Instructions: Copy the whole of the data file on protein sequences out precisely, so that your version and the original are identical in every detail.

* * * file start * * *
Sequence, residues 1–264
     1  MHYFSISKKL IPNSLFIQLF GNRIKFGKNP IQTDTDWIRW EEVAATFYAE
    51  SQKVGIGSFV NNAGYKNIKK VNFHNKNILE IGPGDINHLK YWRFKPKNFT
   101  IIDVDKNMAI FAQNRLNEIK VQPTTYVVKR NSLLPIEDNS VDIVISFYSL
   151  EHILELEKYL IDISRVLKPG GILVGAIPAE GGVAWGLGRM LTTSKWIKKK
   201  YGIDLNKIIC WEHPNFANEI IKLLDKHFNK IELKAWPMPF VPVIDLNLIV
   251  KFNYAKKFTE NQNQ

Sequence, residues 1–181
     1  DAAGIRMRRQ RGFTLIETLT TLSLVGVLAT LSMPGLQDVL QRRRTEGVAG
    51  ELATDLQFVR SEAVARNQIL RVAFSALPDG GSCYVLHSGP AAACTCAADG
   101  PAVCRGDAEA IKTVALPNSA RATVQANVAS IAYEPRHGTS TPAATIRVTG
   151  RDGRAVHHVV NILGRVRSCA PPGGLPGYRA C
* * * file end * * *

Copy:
Sequence, residues 1–264
     1  MHYFSISKKL IPNSLFIQLF GNRIKFGKNP IQTDTDWIRW EEVAATFYAE
    51  SQKVGIGSFV NNAGYKNIKK VNFHNKNILE IGPGDINHLK YWRFKPKNFT
   101  IIDVDKNMAI FAQNRLNEIK VQPTTYVVKR NSLLPIEDNS VDIVISFYSL
   151  EHILELEKYL IDISRVLKPG GILVGAIPAE GGVAWGLGRM LTTSKWIKKK
   201  YGIDLNKIIC WEHPNFANEI IKLLDKHFNK IELKAWPMPF VPVIDLNLIV
   251  KFNYAKKFTE NQNQ

Sequence, residues 1–181
     1  DAAGIRMRRQ RGFTLIETLT TLSLVGVLAT LSMPGLQDVL QRRRTEGVAG
    51  ELATDLQFVR SEAVARNQIL RVAFSALPDG GSCYVLHSGP AAACTCAADG
   101  PAVCRGDAEA IKTVALPNSA RATVQANVAS IAYEPRHGTS TPAATIRVTG
   151  RDGRAVHHVV NILGRVRSCA PPGGLPGYRA C